This is the procedural approach followed by the EU Court of Justice in its own readings of Articles 7 and 8 of the EU Charter of Fundamental Rights. In the ruling issued on 8 April 2014 (C-293/12 and 594/12), for example, the EU CoJ accepted the claims by certain Austrian and Irish organizations of being victims of a violation of their rights under the provisions of the Data Retention Directive 24/2006. The reason why this right has to be conceived as the form through which individuals exercise their own rights, that is, as a collective right, rather than that of the group qua group, seems sound. Reflect on the number of cases in which the processing of personal data is legitimate regardless of the individual consent, e.g. current Article 7(d) of EU Directive 95/46/EC on “processing that is necessary in order to protect the vital interests of the data subject.” A new generation of group rights as corporate (rather than collective) rights over data which is structurally shared among the members of the group, would multiply without reasonable grounds cases rendering the consent of the individuals unnecessary, or superfluous. As a result, how should we conceive a new collective (rather than corporate) right to data protection in IoT?
3.3.3 A Look into the Future
We have insisted on how current IoT and Big Data trends will increasingly raise cases that affect groups, rather than individuals, so that current rights of the personal data protection framework should be properly complemented with a new generation of collective rights (Pagallo 2014). This approach has significantly been endorsed by the new EU Regulation on data protection. Pursuant to Article 80(1), “the data subject shall have the right to mandate a not-for-profit body, organisation or association which has been properly constituted… to lodge the complaint on his or her behalf,” so as to exercise the right to an effective judicial remedy against a supervisory authority, or against a controller or processor, or the right to lodge a complaint with a supervisory authority and to receive compensation. Furthermore, in accordance with Article 80(2), “Member States may provide that any body, organisation or association referred to in paragraph 1 of this Article, independently of a data subject’s mandate, has the right to lodge, in that Member State, a complaint,” which may concern either the right to an effective judicial remedy against a supervisory authority, or against a controller or processor, with the supervisory authority which is competent pursuant to Article 77 of the Regulation. Hence, the overall idea of this set of rules is not to replace today’s personal data protection with a US like-privacy group regime but rather, to complement the former with a new collective right to lodge complaints. Since the data subject can be targeted and her privacy infringed due to her membership in a given (racial, ethnic, genetic, etc.) data group, it makes sense to grant such a group, or “any body, organisation or association which aims to protect data subjects’ rights and interests,” a procedural right to a judicial remedy against the data controllers, processors or supervisory authorities.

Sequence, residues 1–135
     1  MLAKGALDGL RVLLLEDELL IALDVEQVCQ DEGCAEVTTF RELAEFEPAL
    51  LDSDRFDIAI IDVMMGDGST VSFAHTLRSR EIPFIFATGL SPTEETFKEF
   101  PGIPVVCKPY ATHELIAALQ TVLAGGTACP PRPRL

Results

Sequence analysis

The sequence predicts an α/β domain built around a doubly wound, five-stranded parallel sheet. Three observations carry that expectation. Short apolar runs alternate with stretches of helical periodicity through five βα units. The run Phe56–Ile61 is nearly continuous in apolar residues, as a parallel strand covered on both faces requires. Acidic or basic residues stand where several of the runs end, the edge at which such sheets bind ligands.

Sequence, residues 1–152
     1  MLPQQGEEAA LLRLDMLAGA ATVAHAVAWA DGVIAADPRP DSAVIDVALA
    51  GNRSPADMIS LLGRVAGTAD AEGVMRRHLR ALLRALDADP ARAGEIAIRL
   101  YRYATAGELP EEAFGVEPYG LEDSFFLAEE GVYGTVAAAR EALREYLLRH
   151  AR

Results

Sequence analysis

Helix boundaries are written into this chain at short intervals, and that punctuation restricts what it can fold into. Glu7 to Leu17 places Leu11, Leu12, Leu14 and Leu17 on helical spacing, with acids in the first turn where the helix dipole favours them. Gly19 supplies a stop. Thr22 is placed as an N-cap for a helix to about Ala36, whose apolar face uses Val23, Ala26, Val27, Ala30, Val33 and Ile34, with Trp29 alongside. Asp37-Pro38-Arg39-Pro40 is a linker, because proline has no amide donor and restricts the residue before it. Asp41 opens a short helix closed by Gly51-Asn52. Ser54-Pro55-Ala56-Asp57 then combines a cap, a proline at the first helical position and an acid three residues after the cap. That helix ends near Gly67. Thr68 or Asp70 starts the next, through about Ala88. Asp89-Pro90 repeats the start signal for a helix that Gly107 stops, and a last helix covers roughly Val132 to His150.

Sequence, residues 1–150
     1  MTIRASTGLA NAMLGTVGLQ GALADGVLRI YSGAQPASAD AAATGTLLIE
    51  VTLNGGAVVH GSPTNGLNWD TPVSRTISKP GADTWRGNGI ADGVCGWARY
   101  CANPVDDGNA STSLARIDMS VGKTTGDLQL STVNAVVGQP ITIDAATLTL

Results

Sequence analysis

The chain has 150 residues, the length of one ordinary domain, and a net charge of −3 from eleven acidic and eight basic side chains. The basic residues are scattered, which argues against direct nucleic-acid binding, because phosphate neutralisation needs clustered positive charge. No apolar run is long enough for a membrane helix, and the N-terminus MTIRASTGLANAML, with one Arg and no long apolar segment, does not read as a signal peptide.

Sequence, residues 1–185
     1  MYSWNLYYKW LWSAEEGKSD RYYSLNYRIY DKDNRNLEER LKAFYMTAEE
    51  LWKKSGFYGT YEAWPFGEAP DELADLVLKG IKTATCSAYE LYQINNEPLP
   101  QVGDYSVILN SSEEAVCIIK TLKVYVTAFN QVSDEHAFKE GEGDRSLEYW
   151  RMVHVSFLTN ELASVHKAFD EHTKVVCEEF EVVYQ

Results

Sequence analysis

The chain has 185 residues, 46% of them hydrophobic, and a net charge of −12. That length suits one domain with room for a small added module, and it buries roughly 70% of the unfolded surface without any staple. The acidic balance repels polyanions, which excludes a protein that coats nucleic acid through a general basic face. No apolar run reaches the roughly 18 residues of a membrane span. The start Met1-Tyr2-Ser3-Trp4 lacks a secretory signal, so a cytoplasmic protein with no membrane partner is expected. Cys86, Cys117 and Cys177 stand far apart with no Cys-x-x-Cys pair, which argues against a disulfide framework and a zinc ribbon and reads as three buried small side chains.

Admittedly, whether the collective rights of the EU regulation for a new data protection framework will be effective, or good enough, to tackle the challenges of current IoT and Big Data trends, is an open question. The difficulty hinges on the type of harm, threat, or risk that the processing and use of group data raise in terms of physical threat or injury, unlawful discrimination, loss of confidentiality, identity theft, financial loss, etc. In order to evaluate the probability of events, their consequences and costs, the aforementioned EU regulation has set up a number of data protection impact assessments that should determine risks and threats for the processing and use of certain kinds of data. Consider Article 35(1) of the Regulation, according to which data controllers have the responsibility of performing a data protection impact assessment “where a type of processing in particular using new technologies, and taking into account the nature, scope, context and purposes of the processing, is likely to result in a high risk to the rights and freedoms of natural persons.” In particular, specific risks concern “a systematic and extensive evaluation of personal aspects relating to natural persons which is based on automated processing” (art. 35(3)(a)); “processing on a large scale of special categories of data,” such as sensitive data or criminal records (art. 35(3)(b)); and “a systematic monitoring of a publicly accessible area on a large scale” (art. 35(3)(c)). The twofold aim of this set of rules is clear: on the one hand, dealing with the pace of technological innovation, data protection should be pre-emptive, rather than remedial, so as to ensure that privacy safeguards are at work even before a single bit of information has been collected. On the other hand, the traditional protection of personal, i.e. individual, data should be complemented with a new generation of collective and procedural rights, so as to properly tackle the second legal challenge of IoT.